The Merchant of Venice
The Ninth Gate
The Princess Bride
The Snow Queen
The Third Man
The Time Traveller’s Wife
The Unbearable Lightness of Being
True Blood (TV)
War and Peace
Water For Chocolate

The Poshest Meal I Ever Had

Nine years ago my girlfriend (now my wife) organised a surprise birthday party for me and what a job she did too. There were friends from work, friends from the wine shop I used to work in, friends from university and old friends from school. Getting them all into my flat that day while I was out must have been a massive logistical effort and I had to hold back the tears when I walked in and saw them all.

A few months later it was her birthday. I’d just got my first bonus at work and I wanted to give her something special in return, so I booked a table at Le Gavroche. Le Gavroche is a restaurant in London which was opened by Albert and Michel Roux in 1967 and is now run by Albert’s son, Michel Roux Jr. It was the first restaurant in the UK ever to be awarded three michelin stars and it is more than a bit posh.

I should point out that at the time I was working as a software developer in the financial sector. My job involved taking business requirements and then developing the software to make the numbers work. Dining in high society was a million miles away.

The day of the dinner arrived and in my excitement I had a look at the Le Gavroche website:

….blah blah…exceptional cuisine…..blah blah….unparalleled service….blah blah….gentlemen must wear a suit….blah blah….luxurious bogs…..

What? Oh shit. Gentlemen must wear a suit? I didn’t have a suit. It was 3pm and I was due at the restaurant in 5 hours. And I needed a suit. My exceedingly understanding boss let me leave and I departed with a plan. I’d just got my bonus – I was going to see Paul Smith.

The Paul Smith shop on Floral Street is the Aladdin’s cave of clothes. Although I clearly had no fucking clue what I was doing a friendly assistant sorted everything out for me and in an hour my transformation from scruffy computer programmer was complete. Well almost.

Me: It looks fantastic. I just need you to take up the trousers and we’re done.

Him: No problem. It will be ready in 3 days.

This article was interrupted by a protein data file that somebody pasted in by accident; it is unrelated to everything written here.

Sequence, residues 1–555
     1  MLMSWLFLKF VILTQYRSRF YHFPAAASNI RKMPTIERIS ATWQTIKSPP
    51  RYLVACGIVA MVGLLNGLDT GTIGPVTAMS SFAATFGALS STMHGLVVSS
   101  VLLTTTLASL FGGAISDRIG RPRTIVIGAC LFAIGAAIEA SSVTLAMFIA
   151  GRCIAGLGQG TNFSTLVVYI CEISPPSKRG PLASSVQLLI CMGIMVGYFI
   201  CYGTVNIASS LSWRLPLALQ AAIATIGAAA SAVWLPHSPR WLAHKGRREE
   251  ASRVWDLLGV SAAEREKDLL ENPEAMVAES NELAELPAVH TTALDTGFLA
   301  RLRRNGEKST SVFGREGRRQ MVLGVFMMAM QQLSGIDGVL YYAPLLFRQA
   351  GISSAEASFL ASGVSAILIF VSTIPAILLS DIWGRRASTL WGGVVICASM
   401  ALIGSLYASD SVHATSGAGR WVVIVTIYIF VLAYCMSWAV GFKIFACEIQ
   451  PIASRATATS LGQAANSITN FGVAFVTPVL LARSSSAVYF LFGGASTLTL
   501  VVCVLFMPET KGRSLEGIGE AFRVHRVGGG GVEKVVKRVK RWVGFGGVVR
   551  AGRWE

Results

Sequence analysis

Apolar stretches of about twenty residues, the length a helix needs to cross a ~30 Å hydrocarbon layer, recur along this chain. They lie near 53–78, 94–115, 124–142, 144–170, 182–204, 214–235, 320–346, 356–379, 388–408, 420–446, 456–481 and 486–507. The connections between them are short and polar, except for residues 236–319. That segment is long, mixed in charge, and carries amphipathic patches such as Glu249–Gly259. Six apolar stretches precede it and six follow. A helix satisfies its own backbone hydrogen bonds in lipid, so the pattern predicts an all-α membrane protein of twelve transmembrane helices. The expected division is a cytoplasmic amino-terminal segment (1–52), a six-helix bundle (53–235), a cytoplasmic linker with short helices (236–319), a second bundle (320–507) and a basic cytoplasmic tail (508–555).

Me: Oh. Poo.

I explained my situation. He could have turned up his nose at the idiot in front of him who clearly didn’t belong there but he didn’t. “Don’t worry. I know a trick,” he said. He then proceeded to pin the trousers and then fasten them up on the inside with double-sided tape. “They’ll be good for tonight if you’re careful. Come back in when you can and we’ll get them done properly.”

What a legend he was. Anyway, I hurried back to my flat, got ready and made it to the restaurant only a few minutes late. We were shown in and seated in the bar where we viewed the menus over champagne and amuse-bouches. When I saw the prices, I began to sweat a little. Secretly hoping Miss Rabbit would have a sudden hankering for soup, I told her “Don’t worry about the prices, just have what you want.” “What prices?” she replied.

Her menu, it transpired, had no prices. Yep, only the gentleman’s menu had prices on it. Sexist? No, I don’t think so, at least. More a tongue-in-cheek nod to an old-fashioned tradition. I had also been handed a wine list. It was like an encyclopaedia – had I received it in other circumstances I could have spent an afternoon reading the thing. No opportunity for that but I did have time for a quick peek at the uber posh stuff though. Anyone for Chateau d’Yquem 1849? Yours for just £30,000 a bottle. I didn’t order that.

I ordered Lobster Mousse with Caviar, followed by Dover Sole with Wild Mushrooms.(This probably sounds extravagant but remember where I was – it wasn’t as though Pot Noodle with Cheesey Strings was an alternative.)

Miss Rabbit ordered Langoustines followed by Lobster although I don’t remember exactly how each was done.

We were shown in to the restaurant and seated. This place was posh. Silver cutlery, bone china crockery, crystal glasses and Andrew Lloyd-Webber on the table next to us. Seriously. He and Lady Lloyd-Webber had the duck. I did my best not to look at him while he was eating it though.

The food was mind blowing. I thought lobster mousse would be nice but it was like eating a lobster flavoured cloud. The texture was like nothing I’d had before and nothing I’ve had since. It was also the first time I’d had caviar and it was quite nice. Probably not nice enough to justify how eye-wateringly expensive it is, but quite nice nonetheless.

It wasn’t just the food though – the service was equally amazing. It was almost as if the staff existed in another dimension until you needed them for something. They would then appear from nowhere, carry out their task with unimaginable care and efficiency, then vanish once more, reappearing again only when you wanted them to do so.

Despite my formal and unfamiliar surroundings, I soon began to relax. The food was going down nicely as was the wine, and I was beginning to forget that I was essentially a fish out of water. After the main course I needed to go to the toilet so I got up and started to walk towards the bathroom. Then disaster struck.